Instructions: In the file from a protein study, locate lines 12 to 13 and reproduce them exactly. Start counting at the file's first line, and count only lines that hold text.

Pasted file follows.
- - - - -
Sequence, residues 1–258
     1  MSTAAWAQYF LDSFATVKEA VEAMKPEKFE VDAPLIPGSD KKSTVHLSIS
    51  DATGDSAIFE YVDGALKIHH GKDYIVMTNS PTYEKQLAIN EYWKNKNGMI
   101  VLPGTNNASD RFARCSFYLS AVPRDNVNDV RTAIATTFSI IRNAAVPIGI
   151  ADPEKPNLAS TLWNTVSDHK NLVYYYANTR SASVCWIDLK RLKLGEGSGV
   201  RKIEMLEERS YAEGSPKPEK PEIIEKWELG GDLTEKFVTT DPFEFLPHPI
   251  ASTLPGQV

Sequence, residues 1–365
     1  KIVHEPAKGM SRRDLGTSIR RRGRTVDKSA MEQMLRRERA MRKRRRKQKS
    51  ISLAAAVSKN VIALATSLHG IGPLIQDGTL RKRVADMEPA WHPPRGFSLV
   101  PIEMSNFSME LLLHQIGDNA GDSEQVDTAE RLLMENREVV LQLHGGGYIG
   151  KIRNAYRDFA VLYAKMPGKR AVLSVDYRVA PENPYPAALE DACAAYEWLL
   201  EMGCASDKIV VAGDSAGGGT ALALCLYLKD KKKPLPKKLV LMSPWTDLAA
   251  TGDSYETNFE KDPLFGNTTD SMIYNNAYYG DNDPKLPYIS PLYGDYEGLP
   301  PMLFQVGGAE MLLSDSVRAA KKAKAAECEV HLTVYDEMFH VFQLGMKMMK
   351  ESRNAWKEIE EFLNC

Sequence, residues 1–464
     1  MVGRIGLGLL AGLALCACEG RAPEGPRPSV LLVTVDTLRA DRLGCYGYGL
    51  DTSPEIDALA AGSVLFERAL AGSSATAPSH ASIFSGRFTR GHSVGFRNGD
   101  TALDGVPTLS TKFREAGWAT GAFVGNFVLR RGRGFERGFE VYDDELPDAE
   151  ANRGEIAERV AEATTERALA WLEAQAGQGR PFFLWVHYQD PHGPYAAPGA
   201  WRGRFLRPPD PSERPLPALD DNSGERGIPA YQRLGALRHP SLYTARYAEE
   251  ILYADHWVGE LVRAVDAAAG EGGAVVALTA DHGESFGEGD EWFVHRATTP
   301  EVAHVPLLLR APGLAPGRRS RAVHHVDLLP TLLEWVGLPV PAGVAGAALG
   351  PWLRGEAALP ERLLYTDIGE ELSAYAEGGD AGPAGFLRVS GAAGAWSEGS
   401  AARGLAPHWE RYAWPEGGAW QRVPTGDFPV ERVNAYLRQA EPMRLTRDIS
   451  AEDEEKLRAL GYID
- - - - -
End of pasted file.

   151  KIRNAYRDFA VLYAKMPGKR AVLSVDYRVA PENPYPAALE DACAAYEWLL
   201  EMGCASDKIV VAGDSAGGGT ALALCLYLKD KKKPLPKKLV LMSPWTDLAA